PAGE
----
On 12 December 2017 more than 300 people marched with African Diaspora Forum (ADF) against slave trades and human trafficking in Libya. The mood of the marchers was emotional as others roped themselves with chains to express their feelings about what their fellow Africans are experiencing. Shouts of “we are not for sale!”, “we are not slaves!” and chants of struggle songs could be heard in the streets of Tshwane.
According to videos making rounds on social media African men are being sold at slave auctions in Libya for $400. Many international organisations, including the United Nations, have raised concerns about the slave trafficking in Libya and have called for it to stop.
African Nationals gathered at Church Square in Pretoria to handover the memorandum to the Presidency of South Africa, Libyan Embassy to South Africa, African Union Pan-African Parliament, United Nations, and the European Union. Zwelinzima Vavi, the South African Federation of Trade Unions (SAFTU) General Secretary said “shame on you African leaders who do not care about our fellow Africans”. He continued by saying “we urge all African leaders to stop what is happening in Libya”.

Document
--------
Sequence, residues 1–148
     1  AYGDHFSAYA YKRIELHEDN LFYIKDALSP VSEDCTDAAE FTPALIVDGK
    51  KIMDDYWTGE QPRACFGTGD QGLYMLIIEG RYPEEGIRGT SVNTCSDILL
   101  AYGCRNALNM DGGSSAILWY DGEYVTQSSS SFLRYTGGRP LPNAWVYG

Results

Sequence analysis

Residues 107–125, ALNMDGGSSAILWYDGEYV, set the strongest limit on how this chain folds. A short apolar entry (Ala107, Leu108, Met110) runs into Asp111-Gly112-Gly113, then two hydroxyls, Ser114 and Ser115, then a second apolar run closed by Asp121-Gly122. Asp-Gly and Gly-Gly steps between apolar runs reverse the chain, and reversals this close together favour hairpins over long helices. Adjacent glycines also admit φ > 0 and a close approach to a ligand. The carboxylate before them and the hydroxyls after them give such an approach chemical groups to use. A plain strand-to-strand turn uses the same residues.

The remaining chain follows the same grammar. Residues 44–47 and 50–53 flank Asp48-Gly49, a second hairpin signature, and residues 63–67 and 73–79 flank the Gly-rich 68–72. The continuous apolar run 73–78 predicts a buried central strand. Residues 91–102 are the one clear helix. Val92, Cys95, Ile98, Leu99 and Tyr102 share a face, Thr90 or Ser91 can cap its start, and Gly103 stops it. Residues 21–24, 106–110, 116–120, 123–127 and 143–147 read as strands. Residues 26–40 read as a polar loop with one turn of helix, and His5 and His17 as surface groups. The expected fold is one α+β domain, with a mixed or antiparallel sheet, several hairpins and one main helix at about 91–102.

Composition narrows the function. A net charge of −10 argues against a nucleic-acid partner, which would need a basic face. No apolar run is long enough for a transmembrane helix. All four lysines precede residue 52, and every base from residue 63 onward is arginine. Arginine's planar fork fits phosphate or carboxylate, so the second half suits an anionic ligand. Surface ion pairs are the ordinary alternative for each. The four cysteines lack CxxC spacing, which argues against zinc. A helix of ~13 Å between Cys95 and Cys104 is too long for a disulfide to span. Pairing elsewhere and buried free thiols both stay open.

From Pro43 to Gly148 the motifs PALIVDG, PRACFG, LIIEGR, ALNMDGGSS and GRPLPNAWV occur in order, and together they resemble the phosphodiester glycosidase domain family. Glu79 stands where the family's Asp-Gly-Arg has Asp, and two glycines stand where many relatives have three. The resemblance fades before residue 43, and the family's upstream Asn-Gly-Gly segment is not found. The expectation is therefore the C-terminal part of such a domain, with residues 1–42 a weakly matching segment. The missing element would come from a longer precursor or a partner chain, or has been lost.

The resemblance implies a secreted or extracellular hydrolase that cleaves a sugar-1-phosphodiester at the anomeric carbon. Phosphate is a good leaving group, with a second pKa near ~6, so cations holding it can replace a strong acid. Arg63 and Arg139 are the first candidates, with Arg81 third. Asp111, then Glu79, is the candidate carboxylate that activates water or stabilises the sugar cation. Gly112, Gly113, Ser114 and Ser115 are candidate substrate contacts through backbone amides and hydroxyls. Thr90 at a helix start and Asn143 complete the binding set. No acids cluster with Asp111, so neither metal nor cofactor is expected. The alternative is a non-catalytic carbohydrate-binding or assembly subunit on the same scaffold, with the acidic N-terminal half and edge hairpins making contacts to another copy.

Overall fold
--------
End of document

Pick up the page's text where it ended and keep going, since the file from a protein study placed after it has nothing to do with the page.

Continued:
Chairperson of African Diaspora Forum (ADF) Marc Gbaffou said “We the people of the world, on the African Continent, represented here in South Africa by the African Diaspora Forum (ADF), faith denominations and community based organisations, trade unions and concerned citizens of the world, have come to you to express our indignation with regard to the ongoing slave trade and human trafficking in Libya”. “We demand your immediate intervention to stop this crime against humanity”, Gbaffou concluded.
After the speeches Gbaffou read the memorandum to the Libyan Embassy, which included a call for the Libya to stop the slave trade and to take measures to ensure that such atrocities do not occur anymore within the borders in Libya. The memorandum called on Libya to bring the perpetrators to book and for them to face the full might of the law with immediate effect. “We wish to remind you that these heinous acts do not have a place in the 21st century and that we the people of the world in general, and Africans in particular find this practice reprehensible”, he said.